THE CONTENT OF THE PSYCHOSES
to discover

829

what had gone on in him during these five years, but could learn nothing. Another patient with a similar symptom, when asked why he had remained silent for years, maintained, "Because I wanted to spare the German l These examples show that it is often imposlanguage."
sible to lift the veil of the secret, for the patients

themselves

have neither interest nor pleasure in explaining their strange experiences, in which as a rule they realise nothing peculiar. Occasionally the symptoms themselves are a sign-post to
the understanding of the psychology of the disease.

had a patient who was for thirty-five years an inmate For decades she lay in bed, she never spoke at Burgholzli. or reacted to anything, her head was always bowed, her back bent and the knees somewhat drawn up. She was always making peculiar rubbing movements with her hands,
so as to give rise during the course of years to thick horny patches on her hands. She kept the thumb and index finger of her right hand together as in the movement of sewing.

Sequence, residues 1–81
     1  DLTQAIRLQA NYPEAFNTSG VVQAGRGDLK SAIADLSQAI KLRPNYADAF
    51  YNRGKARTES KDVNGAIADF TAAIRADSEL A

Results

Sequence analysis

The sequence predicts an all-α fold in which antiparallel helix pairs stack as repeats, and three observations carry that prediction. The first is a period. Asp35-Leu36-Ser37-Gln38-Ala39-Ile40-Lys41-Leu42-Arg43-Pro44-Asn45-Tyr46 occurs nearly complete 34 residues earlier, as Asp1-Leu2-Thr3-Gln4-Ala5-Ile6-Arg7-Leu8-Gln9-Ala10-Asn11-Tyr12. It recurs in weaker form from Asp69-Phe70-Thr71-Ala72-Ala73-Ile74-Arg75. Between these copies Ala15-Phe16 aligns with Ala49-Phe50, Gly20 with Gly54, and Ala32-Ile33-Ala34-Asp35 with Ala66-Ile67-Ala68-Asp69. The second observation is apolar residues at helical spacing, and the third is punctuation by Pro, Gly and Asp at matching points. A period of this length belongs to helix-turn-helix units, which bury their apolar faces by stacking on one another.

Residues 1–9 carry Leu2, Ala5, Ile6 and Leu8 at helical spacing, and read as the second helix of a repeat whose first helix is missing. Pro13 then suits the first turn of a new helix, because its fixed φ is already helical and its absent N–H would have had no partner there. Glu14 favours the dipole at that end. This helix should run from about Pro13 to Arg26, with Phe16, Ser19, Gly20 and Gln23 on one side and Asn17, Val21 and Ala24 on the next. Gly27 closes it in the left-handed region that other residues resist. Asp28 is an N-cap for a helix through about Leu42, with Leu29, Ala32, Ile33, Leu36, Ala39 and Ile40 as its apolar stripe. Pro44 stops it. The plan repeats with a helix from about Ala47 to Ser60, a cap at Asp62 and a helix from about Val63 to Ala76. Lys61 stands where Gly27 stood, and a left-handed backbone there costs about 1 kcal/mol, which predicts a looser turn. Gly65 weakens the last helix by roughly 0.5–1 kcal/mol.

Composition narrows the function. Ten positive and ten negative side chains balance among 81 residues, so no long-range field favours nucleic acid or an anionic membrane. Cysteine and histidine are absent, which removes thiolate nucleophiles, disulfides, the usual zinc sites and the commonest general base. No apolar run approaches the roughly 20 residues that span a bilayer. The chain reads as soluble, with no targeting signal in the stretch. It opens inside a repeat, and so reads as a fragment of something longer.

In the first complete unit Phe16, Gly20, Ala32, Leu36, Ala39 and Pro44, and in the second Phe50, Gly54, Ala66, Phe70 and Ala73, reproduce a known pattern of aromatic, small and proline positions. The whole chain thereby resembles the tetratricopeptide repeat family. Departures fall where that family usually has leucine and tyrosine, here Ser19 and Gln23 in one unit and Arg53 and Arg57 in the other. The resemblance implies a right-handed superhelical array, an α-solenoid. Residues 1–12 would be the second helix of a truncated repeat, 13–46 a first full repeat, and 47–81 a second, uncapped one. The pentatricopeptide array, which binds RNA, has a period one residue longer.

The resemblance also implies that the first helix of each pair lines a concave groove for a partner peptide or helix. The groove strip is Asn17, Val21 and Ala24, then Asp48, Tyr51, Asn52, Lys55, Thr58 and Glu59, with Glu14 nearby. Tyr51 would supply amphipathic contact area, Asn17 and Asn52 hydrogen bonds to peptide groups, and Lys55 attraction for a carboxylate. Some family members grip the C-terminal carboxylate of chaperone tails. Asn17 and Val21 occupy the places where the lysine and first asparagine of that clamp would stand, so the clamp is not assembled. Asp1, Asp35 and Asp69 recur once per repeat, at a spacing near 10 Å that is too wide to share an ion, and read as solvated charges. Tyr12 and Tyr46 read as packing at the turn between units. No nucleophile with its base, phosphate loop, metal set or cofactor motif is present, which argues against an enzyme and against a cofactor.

We

she died I tried to discover what she had been formerly. Nobody in the asylum recalled ever having seen her out of bed. Only our chief attendant had a memory of having seen

When

her sitting in the same attitude as that she afterwards took up in bed, at which time she was making rapid movements

arm across the right knee it was said was sewing shoes, later that she was polishing shoes. As time went on the movements became more limited till finally there remained but a slight rubbing movement, and only the finger and thumb retained the sewing In vain I consulted our old attendant, she knew position.
of extension of the
;

of her that she

When the nothing about the patient's previous history. seventy-year-old brother came to the funeral I asked him what had been the cause of his sister's illness ; he told me that she had had a love-affair, but for various reasons it had come
The girl had taken this so to heart that she became low-spirited. In answer to a query about her lover it was found that he was a shoemaker. Unless you see here some strange play of accident, you I am indebted for this example to my colleague Dr. Abraham of Berlin.
to nothing.
1

330

ANALYTICAL PSYCHOLOGY
of

must agree that the patient had kept the memory-picture